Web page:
22 Temenggong Road, Twilight | Justin Hill
The subject is my house, where I lived through my 30s and 40s. The house dates from about 1920 and its open verandas were sheathed in black and white chick blinds, often used in older tropical houses to keep out the rain, to provide privacy, and for me to moderate internal light.
The scene is early one evening, taken from an adjusted photograph looking from the garden into my house, when the luminous blue of the short tropical twilight briefly equalises with the light within the house. Only then is the interior of the house revealed through layers of fraying blinds, window mesh, as the layers in the timber framing and walls of the house become visible.
This reminded me of stage designs I have done over the years, for example following an anticipatory opening overture, when house lights fade, and a previously invisible scene on the stage emerges from behind painted gauzes as the stage lights come up and the gauzes seem to magically dissolve. It’s an old trick of the trade and always beautiful.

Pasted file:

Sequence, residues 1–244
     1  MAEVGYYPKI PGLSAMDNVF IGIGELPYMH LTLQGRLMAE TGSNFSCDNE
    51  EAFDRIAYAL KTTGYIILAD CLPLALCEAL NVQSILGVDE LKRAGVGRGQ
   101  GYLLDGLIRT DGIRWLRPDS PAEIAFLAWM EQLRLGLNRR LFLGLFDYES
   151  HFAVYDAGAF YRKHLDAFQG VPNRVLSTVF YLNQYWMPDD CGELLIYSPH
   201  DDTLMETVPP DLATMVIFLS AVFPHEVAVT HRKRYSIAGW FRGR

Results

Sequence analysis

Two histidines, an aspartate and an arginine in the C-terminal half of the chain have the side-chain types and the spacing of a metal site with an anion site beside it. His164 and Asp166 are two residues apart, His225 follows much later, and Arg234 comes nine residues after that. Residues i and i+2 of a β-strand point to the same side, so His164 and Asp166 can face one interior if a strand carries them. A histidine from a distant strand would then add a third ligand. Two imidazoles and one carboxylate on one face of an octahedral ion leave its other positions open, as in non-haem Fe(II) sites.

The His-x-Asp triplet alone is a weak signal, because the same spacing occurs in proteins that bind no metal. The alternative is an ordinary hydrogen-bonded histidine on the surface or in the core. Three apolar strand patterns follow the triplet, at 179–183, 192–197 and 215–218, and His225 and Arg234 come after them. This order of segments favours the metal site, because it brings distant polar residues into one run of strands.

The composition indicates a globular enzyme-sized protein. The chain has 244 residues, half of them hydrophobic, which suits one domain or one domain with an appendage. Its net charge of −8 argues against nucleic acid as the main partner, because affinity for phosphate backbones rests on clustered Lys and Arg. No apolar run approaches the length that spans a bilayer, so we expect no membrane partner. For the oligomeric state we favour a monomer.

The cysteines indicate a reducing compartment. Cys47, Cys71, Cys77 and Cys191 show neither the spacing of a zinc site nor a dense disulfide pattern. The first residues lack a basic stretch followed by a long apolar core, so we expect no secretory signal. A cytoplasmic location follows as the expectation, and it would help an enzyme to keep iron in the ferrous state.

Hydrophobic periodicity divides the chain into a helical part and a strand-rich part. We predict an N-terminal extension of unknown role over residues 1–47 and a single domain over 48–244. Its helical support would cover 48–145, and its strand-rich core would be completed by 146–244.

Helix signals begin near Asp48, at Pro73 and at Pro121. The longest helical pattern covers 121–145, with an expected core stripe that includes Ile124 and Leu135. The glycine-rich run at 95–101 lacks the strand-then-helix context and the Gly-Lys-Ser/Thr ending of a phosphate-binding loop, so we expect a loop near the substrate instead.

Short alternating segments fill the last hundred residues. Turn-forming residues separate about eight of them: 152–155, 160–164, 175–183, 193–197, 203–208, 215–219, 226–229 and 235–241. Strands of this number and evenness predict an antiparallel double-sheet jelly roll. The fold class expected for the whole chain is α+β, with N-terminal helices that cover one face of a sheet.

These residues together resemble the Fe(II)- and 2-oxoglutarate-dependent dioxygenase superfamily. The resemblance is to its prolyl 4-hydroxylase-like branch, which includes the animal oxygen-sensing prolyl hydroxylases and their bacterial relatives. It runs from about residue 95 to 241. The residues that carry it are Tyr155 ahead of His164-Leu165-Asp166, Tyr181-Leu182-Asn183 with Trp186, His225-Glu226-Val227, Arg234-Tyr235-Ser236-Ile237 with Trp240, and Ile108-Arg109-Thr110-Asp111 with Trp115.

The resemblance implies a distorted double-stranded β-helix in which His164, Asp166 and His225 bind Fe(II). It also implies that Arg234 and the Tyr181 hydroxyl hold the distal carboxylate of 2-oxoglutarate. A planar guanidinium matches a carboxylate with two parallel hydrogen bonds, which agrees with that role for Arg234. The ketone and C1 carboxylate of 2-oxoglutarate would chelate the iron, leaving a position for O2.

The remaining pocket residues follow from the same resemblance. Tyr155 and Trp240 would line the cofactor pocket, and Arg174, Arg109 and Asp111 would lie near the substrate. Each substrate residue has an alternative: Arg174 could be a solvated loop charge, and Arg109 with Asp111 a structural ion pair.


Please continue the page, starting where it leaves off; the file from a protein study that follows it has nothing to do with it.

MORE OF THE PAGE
In this piece of architectural theatre, a friend is about to arrive for dinner. Within the house is the silhouette of my mother and I, looking out, [taken from another picture where we were making pavlovas in my home in Tasmania recently], getting ready while the music plays. This is a memory of many evenings and the visits of friends and family over those decades to my home.
The window frames the mise-en-scène, proscenium like, while the sagging roof tiles above and the peeling painted wall below give context to the deteriorating house.
Ideally the piece could be the size of the actual window [3.525 m long]. Of interest to me is the slight impressionistic blurring of the scene brought about by the layer of the blinds, and the many blues in this piece bring luminosity and depth.